Northern Arizona University has entered into a formal partnership to offer additional higher education opportunities for Native American students.
A memorandum of understanding was signed this week by NAU President Rita Cheng and Diné College President Martin Ahumada, outlining agreements for academic programming, faculty collaboration and student success initiatives.
Diné College is the country’s first tribal college and the partnership will encourage more Native American students to earn baccalaureate and master’s degrees. Beyond facilitating transfer to NAU from Diné College, interdisciplinary teams from both institutions will collaborate to further improve services, educational programs and the culture of respect and acceptance among people.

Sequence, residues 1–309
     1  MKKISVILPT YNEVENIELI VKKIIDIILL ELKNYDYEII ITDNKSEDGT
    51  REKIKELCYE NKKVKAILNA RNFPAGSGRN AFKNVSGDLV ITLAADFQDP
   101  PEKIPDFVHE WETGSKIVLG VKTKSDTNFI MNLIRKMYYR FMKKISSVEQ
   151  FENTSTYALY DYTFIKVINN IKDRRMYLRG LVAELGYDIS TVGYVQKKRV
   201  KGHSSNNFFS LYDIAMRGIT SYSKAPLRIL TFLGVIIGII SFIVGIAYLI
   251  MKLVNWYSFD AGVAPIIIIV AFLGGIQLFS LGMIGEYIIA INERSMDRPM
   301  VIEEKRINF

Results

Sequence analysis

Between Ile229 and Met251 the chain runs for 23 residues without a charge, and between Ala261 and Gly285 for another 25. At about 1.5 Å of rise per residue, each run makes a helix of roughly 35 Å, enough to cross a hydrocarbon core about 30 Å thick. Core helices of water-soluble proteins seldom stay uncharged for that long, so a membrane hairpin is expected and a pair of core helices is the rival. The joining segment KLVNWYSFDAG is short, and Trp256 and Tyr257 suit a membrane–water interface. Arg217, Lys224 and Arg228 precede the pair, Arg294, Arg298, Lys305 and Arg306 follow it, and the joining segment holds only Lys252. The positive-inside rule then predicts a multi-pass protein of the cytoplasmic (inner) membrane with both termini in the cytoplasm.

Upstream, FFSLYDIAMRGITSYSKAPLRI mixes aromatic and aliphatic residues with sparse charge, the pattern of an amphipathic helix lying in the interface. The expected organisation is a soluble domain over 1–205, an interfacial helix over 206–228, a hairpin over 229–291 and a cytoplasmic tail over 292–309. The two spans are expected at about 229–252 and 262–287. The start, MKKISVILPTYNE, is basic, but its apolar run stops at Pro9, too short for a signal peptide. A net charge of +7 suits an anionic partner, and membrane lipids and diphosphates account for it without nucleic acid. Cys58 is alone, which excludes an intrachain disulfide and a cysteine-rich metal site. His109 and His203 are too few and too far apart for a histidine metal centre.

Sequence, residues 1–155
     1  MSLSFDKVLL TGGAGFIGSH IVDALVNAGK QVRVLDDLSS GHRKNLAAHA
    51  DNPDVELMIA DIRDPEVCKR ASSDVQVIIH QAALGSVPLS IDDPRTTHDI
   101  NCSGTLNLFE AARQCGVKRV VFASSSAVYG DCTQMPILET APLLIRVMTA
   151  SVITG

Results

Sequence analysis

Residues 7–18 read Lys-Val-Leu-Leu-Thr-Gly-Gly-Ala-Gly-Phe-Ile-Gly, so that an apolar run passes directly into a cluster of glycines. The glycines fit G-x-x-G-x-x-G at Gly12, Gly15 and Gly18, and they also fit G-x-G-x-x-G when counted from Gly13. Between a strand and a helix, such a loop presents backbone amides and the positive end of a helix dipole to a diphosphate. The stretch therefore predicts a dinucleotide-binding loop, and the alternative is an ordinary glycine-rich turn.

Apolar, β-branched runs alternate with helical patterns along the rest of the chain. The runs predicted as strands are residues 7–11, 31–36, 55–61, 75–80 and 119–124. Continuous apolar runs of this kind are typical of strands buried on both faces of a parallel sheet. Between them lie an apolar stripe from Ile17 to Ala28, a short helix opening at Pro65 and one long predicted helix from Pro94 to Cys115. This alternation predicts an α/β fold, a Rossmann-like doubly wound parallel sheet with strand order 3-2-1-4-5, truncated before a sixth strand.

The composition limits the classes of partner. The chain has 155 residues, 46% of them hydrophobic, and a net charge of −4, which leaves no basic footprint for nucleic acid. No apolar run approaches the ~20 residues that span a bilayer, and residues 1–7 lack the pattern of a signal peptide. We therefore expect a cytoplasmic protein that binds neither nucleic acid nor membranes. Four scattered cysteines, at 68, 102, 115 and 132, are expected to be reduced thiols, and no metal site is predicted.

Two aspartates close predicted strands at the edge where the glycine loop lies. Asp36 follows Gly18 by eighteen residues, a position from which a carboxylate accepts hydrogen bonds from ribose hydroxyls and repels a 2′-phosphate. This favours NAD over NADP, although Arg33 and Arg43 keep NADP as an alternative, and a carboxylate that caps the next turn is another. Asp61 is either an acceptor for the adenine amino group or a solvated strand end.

“NAU is close geographically but also culturally, philosophically and programmatically,” said Ahumada, who noted that the missions of NAU and Diné College share many similarities.
For graduate students, NAU is first in the country for awarding education master’s degrees and second in awarding master’s degrees in all disciplines. In undergraduate programs, NAU is fourth in bachelor’s in health professions and related programs and ninth overall.
Chad Hamill, the NAU president’s special assistant on Native American Affairs, said the agreement was eight years in the making and provides a groundwork of possibilities for the institutions, as NAU works to further improve its offerings to Native American students.
The memorandum of understanding between NAU and Diné College was signed at the Native American Cultural Center Monday, Feb. 29. Numerous dignitaries attended the signing ceremony, including members of the Diné College Board of Regents and the college executive team.
The Arizona Board of Regents approved the memorandum of understanding Jan. 15.